Your all is at stake. The crisis is such that every man must feel that the success of our cause depends upon himself, and not upon his neighbor. Whatever his position, his wealth, his rank or condition, he must be ready to devote all to the service of his country. Let all, old and young, contribute, work, speak and in every possible mode further the work of the speedy enrollment of our forces. Let not only every man, but every woman be a soldier, if not to fight, yet to cheer and encourage and to provide comforts and relief for the sick and wounded. The public as yet knows but little how much the country is indebted to the noble women of our State for their assistance to our soldiers in the field. — All along the path of our army, upon the banks of our rivers, filling our steamboats and ambulances, in the tents of the soldier far from his home, I have witnessed the bright traces of woman's enduring love and benevolence. When the war shall have closed and its history shall be written, the labors of our Sanitary Associations and Aid loftiest heroism of the camp and field. Let all loyal men and women persevere in the good work.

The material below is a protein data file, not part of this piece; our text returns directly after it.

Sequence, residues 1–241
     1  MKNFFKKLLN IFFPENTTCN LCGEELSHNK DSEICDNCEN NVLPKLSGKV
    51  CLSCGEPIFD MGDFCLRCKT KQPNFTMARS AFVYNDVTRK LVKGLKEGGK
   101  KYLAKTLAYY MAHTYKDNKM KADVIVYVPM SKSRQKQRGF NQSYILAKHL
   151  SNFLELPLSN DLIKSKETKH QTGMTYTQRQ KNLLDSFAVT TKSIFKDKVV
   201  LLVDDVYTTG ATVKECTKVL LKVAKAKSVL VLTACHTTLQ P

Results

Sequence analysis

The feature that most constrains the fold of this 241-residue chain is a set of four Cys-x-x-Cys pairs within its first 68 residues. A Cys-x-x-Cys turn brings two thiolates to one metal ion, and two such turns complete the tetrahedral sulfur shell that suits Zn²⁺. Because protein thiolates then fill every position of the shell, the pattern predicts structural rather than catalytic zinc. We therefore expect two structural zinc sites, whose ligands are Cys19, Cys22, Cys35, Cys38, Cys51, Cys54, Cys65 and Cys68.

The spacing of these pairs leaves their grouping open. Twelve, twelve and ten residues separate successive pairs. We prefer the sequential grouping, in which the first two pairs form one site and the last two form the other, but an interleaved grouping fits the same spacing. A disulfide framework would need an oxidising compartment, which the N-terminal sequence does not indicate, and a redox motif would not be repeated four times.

Illinoisans! Look at the issue and do not falter. Your all is at stake. What are your beautiful prairies, comfortable mansions and rich harvests? — what is even life worth if your government is lost? Better that the desolation of pestilence and famine should sweep over the State than that the glorious work of our fathers should now forever fail. Look out upon your country with a government so free, institutions so noble, boundaries so broad — a beautiful sisterhood of States so prosperous and happy, and resolve afresh that as your fathers gave it you, you will hand it down to your children, a glorious inheritance of liberty and union for their enjoyment forever. For seven long years our fathers endured, suffered and fought to build up the fair fabric of American freedom. The precious boon purchased by patriot blood and treasure was committed to us for enjoyment, and to be transmitted to our posterity with the most solemn injuction that man has the power to lay on man. By the grace of God, we will be faithful to the trust! And if need be, for seven years to come we will struggle to maintain a perfect Union, a government of one people, in one nation, under one Constitution.

The coming of the brave boys of Illinois will be hailed on the banks of the Potomac and James river with shouts of applause.

During my recent visit East, I felt my heart to leap with exultant delight at the praise of Illinois heard from every lip. You will be hailed as the brothers of the men who have faced the storm of battle and gloriously triumphed at Donelson, Pea Ridge, Shiloh, and other memorable fields.

Go, then, and doubt not the result. We are sure to triumph. The God of liberty, justice and humanity is on our side.

Your all and your children's all — all that is worth living or dying for is at stake. Then rally once again for the old flag, for our country, union and liberty.


Governor of Illinois.